The Joy of Bombing

Graffiti’s Next Generation Gets Up By Any Means Necessary

"Hip-hop is a mentality of the sneak," says Bobbito, a/k/a DJ Cucumber Slice, who hosts The CM Fam-A-Lam Show Thursday nights on WKCR, 89.9 FM. "But it's also about exploration. Just as an MC searches for a concept no one's thought of, a writer will try to discover a new place to put his tag. There's an extension of self, and also an extension of exclusivity—like when a writer's work rolls into the station or a DJ presents a moment that can't be commodified. This is the height of hip-hop."

Because of its illicit status, graffiti is a repository of the utopian spirit that the market has left behind. Homophobia is not the price of admission to this show: Out-and-proud writers like EARSNOT get their props. And women have played a small but vital part in graffiti from the start. JOE 182, the first writer (along with his neighbor, TAKI 183) to hit the subway in the early '70s, remembers running with BARBARA, MICHELLE, and EVA 62. "They were some crazy bitches," JOE recalls. "They used to spray the inside of trains while people were sitting there." Their heirs are NAISHA, DONA, and the college student who writes MISS 17. It's not easy being a girl writer—she's subject to the rumor that her boyfriend does her tags—but MISS 17 is determined to become All City by the end of the year. "I have to bomb harder than a guy, because I don't get the respect," she says. "I wanna make it so they have no choice."

Still, graf remains a male adventure, or as FOE describes it, "a full-contact sport." Your team is your crew, and there are dozens of them, each with its own collective tag. Though they battle fiercely—by writing over a rival's name or sometimes going hand-to-hand—this is a more peaceful pursuit than it might seem. Fighting is not the source of fame, and fame is not the only criterion of respect. Old Skool writers wanted to be seen by multitudes, but for this generation, which grew up with graffiti, the true audience is one's boys. Consider SPOT, of Brooklyn's KMS (for Kriminal Mind Slaughter) crew. He will cover a handball court late at night, wait for sunrise, and then take a picture. By lunchtime, his work has been buffed. "Nobody gets to see it but us," he beams. When a van carrying his tag rolls by the window of Starbucks, where he is being interviewed, only his crew notices. But for SPOT, that's fame.

Wall by Ghost, Staten Island
photo: Flint
Wall by Ghost, Staten Island

Though graffiti will always be a supremely social activity, its most revered practitioners are loners who write for reasons known only to themselves. The subway tunnels are their secret catacombs. Here, in 1994, the renowned REVS painted his life story in elaborate lettering. Here are tags from the origin of writing, going back 30 years. And here is the home of GHOST, a master of color in motion. His work helped turn the tunnels into a magic kingdom of graf. It's a passion GHOST has pursued since he was a child, drawn to the musty, rusty smell, the darkness, and especially the dirt.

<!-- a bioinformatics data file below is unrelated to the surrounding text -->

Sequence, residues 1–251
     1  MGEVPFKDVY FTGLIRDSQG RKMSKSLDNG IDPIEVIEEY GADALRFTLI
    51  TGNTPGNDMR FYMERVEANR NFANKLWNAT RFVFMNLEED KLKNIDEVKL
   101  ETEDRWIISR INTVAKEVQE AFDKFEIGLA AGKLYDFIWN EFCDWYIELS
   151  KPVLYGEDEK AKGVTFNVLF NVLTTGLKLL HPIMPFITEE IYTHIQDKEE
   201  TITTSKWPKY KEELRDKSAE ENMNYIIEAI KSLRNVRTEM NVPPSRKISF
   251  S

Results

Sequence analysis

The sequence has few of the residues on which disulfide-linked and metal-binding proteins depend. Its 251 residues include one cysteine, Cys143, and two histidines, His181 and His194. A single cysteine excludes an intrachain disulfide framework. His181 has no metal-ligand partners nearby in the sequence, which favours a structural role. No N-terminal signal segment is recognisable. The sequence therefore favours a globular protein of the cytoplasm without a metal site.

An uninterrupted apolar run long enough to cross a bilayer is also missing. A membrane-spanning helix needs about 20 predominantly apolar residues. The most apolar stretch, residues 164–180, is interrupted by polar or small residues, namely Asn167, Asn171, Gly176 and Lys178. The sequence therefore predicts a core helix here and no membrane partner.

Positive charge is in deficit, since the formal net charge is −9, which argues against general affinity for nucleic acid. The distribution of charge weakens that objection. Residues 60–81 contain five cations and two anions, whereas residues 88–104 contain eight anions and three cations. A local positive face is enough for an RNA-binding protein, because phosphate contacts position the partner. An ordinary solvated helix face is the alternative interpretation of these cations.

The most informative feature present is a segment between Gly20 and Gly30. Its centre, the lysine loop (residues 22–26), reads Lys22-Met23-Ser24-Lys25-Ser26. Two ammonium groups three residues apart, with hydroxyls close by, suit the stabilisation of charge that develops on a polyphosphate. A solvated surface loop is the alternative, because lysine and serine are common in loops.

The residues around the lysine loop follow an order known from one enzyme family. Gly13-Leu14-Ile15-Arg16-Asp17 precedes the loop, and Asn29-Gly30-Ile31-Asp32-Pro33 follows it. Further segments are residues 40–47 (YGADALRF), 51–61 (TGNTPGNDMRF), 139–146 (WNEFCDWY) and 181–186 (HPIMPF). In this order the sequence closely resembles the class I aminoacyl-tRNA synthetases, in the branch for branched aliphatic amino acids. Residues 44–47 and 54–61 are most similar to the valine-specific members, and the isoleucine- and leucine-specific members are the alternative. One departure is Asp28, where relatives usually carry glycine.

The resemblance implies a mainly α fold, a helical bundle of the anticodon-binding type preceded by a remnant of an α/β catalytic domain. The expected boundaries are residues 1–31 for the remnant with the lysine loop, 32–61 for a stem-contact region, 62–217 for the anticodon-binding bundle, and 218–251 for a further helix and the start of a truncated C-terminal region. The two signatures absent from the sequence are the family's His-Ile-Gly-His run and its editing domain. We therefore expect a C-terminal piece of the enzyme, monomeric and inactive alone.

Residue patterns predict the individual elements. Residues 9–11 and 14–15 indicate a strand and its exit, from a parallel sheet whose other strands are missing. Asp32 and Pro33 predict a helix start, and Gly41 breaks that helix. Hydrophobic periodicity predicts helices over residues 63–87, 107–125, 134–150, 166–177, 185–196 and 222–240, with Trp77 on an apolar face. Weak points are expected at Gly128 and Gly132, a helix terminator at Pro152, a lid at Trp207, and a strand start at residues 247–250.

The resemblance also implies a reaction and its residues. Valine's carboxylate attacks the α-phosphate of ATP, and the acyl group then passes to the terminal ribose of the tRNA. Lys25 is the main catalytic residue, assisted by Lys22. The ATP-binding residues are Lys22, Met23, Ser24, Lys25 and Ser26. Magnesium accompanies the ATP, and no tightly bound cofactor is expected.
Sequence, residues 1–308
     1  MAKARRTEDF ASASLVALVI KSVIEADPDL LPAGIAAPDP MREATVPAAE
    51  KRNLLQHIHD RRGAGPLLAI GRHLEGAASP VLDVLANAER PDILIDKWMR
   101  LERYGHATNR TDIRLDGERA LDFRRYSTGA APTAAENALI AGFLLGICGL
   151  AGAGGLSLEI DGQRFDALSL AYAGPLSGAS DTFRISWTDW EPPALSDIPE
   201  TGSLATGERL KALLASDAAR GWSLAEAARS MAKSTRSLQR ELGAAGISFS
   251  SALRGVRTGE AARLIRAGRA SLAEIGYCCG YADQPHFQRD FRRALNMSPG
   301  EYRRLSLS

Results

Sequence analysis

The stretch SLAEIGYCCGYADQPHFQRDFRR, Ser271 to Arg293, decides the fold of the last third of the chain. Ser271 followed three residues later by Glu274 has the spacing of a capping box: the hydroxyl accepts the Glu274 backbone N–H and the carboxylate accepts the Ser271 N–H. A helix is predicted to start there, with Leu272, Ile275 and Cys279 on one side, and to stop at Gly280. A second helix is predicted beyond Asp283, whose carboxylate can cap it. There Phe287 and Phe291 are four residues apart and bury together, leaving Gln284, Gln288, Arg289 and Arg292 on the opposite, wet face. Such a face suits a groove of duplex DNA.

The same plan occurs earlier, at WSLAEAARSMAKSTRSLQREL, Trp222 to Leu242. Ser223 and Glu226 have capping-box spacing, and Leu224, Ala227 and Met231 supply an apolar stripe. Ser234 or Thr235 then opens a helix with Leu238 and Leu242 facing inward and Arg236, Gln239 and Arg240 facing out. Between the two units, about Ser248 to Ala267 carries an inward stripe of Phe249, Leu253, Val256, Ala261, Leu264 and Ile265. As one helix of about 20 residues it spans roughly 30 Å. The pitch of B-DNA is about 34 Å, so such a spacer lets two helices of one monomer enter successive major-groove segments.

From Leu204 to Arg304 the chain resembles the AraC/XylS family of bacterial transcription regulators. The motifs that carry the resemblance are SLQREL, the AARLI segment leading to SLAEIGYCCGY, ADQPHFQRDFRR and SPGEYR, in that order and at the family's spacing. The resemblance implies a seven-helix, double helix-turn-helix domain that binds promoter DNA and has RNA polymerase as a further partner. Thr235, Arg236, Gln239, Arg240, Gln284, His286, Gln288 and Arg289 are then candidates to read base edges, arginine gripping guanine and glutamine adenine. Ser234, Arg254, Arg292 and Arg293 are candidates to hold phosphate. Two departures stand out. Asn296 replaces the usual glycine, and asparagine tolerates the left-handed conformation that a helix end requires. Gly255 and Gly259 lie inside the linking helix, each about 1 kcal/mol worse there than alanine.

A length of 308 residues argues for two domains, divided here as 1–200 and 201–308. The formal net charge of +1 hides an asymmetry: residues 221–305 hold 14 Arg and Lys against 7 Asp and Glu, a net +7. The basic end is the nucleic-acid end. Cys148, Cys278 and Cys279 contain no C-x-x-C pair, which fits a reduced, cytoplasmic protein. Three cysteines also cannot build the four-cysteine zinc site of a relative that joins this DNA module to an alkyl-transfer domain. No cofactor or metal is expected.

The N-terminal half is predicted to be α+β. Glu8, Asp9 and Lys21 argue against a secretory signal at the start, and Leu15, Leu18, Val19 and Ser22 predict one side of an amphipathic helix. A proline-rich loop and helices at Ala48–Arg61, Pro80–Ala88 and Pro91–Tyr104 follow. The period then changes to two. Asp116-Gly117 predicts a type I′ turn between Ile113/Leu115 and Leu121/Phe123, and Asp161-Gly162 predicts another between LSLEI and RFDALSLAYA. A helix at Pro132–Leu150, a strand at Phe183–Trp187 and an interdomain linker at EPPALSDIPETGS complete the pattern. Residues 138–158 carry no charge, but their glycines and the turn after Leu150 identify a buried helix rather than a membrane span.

Back in the 1980s, GHOST worked the lay-ups, and after a train was sprayed he would use any leftover paint to hit the surrounding walls. "It was a way of saying, here's where I do my damage," he recalls. But GHOST soon realized that the tunnels were a vast arena for adventure. He could dip down from any station, pry the covers off escape hatches, duck behind a signal box to skirt a passing train. Here in the quiet broken only by an advancing roar, GHOST would paint in peace. "I didn't go to school no more," he says. "All's I did was rack paint and scope out trains."

If that sounds like an addiction, perhaps it is. More than one writer uses the word fiending to describe his need to tag incessantly. The walls of his room are covered, as are cereal boxes and anything else that isn't locked away. But getting up requires an alert mind in a sound body; it doesn't go with crack. And as for antisocial impulses, take it from GHOST: "Graffiti saved my life. I had a lot of anger as a kid, and it taught me to channel my energy." Like many former writers, he's now an artist.

You can argue that if GHOST hadn't been busted by the vandal squad, he'd still be fiending. But the war on graffiti raises the same issues as the war on drugs does. It's not about helping people manage their compulsions; it's about controlling a large population of young men. And as long as politicians are rewarded for their diligence at this unacknowledged task, graffiti will never play the part it can in beautifying schoolyards, abandoned buildings, and other markers of what Bobbito calls "the pale landscape of the poor." There's a wellspring of talent in these aerosol warriors, but the city is sending them to Rikers to learn about thug life.

"It's a mixed message," says Rooftop King. "On the one hand, Coke wants you, the galleries want you. On the other hand, they tell you it's a crime." This contradiction goes to the heart of why graffiti grabs people, for better or worse. Kids aren't the only ones who can read this stuff. It's a code for adults too, and whatever associations with chaos it might conjure up, graf also resonates with memories of a time when "styles of radical will," as Susan Sontag called them, were distinguished from other illegal acts. The world has changed, but writing remains an emblem of the troubling yet vital connection between art and crime. It's Kilroy and Nietzsche, abstract expressionism and Hanna-Barbera cartoons, Mortal Kombat and Yellow Submarine—all getting up by any means necessary.

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